This postcard is an artwork with poetry and commentary illustrating some of the clichés of the desert as they were understood in the mid-20th Century.
C.T. Art-Colortone, Western Publishing and Novelty Co., Los Angeles, Calif.
There is no description on the back of this card. There is handwriting there, and it appears to list the titles of several popular songs of the time, the most obvious being “I Found a Million Dollar Baby”, which was published in 1931 and first performed by Fanny Bryce, then recorded by many others, including Bing Crosby, also in 1931. This indicates the card likely dates from the 1930s.
This image shows the so-called Harvey House in Needles, California. In fact, it was named the El Garces Hotel, and was also a restaurant and train depot for the Santa Fe railroad. It was built in 1908.
Harvey House and Park, Needles, California B9679
There is no description on the back of the card.
The building still stands, though the train depot is long closed it still functions as a transit center for the city of Needles. The automobiles shown indicate this image is from the 1940s.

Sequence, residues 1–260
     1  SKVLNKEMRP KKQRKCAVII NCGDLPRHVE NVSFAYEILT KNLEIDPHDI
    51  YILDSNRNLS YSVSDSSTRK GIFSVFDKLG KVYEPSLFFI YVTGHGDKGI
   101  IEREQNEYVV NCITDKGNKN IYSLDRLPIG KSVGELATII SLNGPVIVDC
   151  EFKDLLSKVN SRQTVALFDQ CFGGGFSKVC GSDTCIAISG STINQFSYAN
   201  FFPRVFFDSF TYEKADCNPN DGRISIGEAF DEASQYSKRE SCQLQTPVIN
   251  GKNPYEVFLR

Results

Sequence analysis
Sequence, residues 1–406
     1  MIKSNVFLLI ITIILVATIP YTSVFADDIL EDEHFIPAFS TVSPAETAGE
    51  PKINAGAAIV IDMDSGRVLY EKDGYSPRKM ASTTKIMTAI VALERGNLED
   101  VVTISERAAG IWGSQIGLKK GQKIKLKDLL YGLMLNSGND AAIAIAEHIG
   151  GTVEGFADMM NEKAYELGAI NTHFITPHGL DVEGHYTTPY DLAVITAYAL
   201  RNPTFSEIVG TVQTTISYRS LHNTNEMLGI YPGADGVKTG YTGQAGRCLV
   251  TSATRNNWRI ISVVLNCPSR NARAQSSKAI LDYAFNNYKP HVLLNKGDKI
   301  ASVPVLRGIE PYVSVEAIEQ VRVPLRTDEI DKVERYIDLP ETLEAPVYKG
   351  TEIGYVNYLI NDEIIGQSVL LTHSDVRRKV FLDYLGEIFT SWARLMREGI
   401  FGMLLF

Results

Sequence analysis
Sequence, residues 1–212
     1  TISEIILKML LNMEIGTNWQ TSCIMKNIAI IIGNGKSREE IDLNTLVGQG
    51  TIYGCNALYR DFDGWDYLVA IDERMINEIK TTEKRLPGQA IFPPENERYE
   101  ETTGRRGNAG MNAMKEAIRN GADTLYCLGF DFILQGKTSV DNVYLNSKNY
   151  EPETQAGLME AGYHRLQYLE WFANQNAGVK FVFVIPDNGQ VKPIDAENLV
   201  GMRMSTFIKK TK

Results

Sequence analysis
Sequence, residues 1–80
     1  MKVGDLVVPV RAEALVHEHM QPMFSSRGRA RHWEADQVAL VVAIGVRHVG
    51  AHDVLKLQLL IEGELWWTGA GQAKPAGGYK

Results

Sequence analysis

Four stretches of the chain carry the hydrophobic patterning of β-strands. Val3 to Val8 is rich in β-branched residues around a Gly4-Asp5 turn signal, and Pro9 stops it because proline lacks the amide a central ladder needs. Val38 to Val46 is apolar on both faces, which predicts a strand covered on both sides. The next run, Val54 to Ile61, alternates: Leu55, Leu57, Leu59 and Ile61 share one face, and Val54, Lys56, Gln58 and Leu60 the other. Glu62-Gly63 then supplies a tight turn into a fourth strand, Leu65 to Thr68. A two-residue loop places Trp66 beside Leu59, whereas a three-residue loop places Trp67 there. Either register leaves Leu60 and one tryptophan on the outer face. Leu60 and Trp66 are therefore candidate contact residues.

This image shows the so-called Golden Canyon of the Funeral Mountain range in Death Valley, California. The canyon name may be an alternate description of the north end of Death Valley, as the Funeral Mountains form the northern border of the valley.
Golden Canyon, Funeral Mts. Death Valley National Monument, California
There is no description on the back of the card. The Death Valley National Park is not a true valley. Instead, it is a graben, or a block of land that has been lowered by tectonic activity between two other rising blocks. It became famous for it’s borax mines which provided soap and laundry powder to the U.S. consumer in the middle of the 20th century.
The lonely automobile shown in the image indicates the card likely dates from the 1930s.